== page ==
The crude extract (0.5 g) was mixed with 2 mL of chloroform in a reaction tube and homogenized. Subsequently, 2 mL of concentrated sulfuric acid solution was added sequentially manner, followed by a brief waiting period to observe the reaction. A positive result was indicated by the formation of a brown color.

Flavonoid

The crude extract (0.5 g) was mixed with 15 mL of methanol in a reaction tube and homogenized. The sample was then heated in a water bath at 50°C for 5 min, followed by the addition of 5 drops of HCl and 0.05 g of Mg powder. A positive result was indicated by the formation of a yellow color and the presence of a precipitate.

Phenol

The crude extract (1 g) was mixed with 20 mL of 70% ethanol in a reaction tube and homogenized. A 5 mL sample was taken and 10 drops of 5% FeCl3 were added. A positive result was indicated by the formation of a green or blue color.

Antibacterial Testing

Antibacterial testing involved various extract concentrations labeled A (5,000 ppm), B (10,000 ppm), C (15,000 ppm), and D (20,000 ppm) dissolved in sterile distilled water. These concentrations were tested against E. coli bacteria at a density of 0.5x108 CFU. The bacteria were cultured in a selective Mueller-Hinton Agar (MHA) medium. Antibacterial activity, marked by inhibition zone formation, was assessed.

The bacterial density was adjusted visually to match McFarland 0.5x108 CFU, further verified by spectrophotometry. Paper discs were used for testing, with each disc containing 20 µL of the respective extract concentration (A, B, C, and D). Controls included sterile distilled water and amoxicillin at 150 ppm. Six repetitions of the antibacterial test were conducted, and inhibition zone formation was analyzed using single-factor ANOVA to assess concentration-related differences.

Result and Discussion

Water Quality

The environmental parameter measurements conducted in the research along the coastal area of Clungup, South Malang on February 27th, 2016, showed favorable water conditions within the standard limits, as indicated in Table 1 below.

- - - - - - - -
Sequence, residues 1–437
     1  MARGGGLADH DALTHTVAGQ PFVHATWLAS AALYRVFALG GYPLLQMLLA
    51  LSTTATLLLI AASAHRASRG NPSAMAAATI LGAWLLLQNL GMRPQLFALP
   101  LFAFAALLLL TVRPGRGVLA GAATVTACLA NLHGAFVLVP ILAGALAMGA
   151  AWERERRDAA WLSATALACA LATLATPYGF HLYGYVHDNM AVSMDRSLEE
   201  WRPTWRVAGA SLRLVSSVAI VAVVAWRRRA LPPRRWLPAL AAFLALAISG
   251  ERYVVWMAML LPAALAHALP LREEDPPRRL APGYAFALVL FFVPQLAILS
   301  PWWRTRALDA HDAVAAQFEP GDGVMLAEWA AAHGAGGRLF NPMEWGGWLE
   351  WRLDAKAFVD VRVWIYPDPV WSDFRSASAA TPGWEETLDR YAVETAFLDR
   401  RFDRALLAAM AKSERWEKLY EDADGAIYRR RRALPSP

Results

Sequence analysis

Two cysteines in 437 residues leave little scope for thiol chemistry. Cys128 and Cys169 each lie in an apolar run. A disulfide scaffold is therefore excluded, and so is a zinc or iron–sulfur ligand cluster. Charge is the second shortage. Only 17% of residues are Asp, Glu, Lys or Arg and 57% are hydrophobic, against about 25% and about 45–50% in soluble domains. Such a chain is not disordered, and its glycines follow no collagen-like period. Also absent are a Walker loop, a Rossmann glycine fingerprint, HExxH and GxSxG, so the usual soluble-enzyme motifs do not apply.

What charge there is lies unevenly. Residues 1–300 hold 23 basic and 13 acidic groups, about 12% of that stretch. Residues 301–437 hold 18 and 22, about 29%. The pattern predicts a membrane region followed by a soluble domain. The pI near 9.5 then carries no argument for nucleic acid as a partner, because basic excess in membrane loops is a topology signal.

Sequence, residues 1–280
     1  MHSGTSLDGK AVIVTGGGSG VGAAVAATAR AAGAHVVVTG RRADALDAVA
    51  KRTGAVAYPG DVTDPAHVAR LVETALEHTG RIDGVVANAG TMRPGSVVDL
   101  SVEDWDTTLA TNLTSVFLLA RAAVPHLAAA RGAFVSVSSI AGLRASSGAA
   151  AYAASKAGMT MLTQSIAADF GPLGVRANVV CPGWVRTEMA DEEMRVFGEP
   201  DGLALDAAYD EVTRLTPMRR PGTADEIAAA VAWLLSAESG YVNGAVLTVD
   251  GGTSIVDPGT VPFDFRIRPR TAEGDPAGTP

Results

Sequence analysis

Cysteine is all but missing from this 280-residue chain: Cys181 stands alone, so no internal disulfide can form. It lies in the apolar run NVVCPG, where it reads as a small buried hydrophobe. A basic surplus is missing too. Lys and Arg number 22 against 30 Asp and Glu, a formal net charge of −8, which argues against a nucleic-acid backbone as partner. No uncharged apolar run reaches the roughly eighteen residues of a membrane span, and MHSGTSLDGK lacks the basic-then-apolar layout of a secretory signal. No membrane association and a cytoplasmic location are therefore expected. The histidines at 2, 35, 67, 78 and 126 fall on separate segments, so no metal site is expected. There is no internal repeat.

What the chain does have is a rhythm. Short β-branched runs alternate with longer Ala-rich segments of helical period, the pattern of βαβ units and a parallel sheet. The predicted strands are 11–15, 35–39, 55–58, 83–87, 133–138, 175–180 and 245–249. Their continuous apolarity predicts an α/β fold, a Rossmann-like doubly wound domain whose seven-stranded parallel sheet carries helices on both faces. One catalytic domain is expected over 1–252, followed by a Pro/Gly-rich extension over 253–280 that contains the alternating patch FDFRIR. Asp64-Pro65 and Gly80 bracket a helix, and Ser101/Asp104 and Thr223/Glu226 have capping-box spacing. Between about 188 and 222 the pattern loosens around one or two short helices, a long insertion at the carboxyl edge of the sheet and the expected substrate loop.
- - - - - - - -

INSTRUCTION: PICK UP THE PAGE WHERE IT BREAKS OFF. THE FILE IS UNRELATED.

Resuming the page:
Table 1. The results of water quality measurements.

Parameters

Mean±SD

Ref

Dissolved Oxygen (DO) (mg/L)

6,03 ± 0,15

>5

Salinity (0/00)

34 ± 0

33-34

Temperature (°C)

30,33 ± 0,58

28-32

pH

8 ± 0,06

7-8,5

Note: (Ref) according to the Indonesian Ministry of Environment and Forestry Regulation No. 51 of 2004 for marine biota.

Table 2. Results of phytochemical screening on T. sulcata extract.

Compounds

Visualization

Description

Alkaloid

++

A light brown precipitate has formed.

Flavonoid

+

A red or bright yellow color has formed.

Saponin

+++

Foam has formed for 6-10 minutes.

Steroid

-

No change in color occurred.

Terpenoid

++

A bright brown color has formed.

Phenol

+

A clear green or blue color has formed.

Note: (-) = not detected; (+) = weak; (++) = strong; (+++) = very strong.

The presence of mangrove forests and the ecosystem within them is influenced by the parameters of seawater quality and indirectly affects the production of active compounds in marine organisms, such as T. Sulcata.

Phytochemistry

The phytochemical screening conducted in this research included alkaloid, flavonoid, saponin, steroid, phenol, and terpenoid tests. By conducting these six different phytochemical tests, it is assumed that they collectively represent the analysis of secondary metabolite active compounds. The results of the phytochemical tests on the crude extract of T. sulcata can be found in Table 2 below.

Antibacterial

The antibacterial test of T. sulcata crude extract with different concentrations, namely A, B, C, and D, was conducted against E. coli bacteria by measuring the diameter of inhibition zones after 1x24 hours of incubation. The data obtained from measuring the inhibition zones can be seen in Figure 1.

Figure 1. Graph of the average inhibition zone formation during the study.

Figure 1. Graph of the average inhibition zone formation during the study.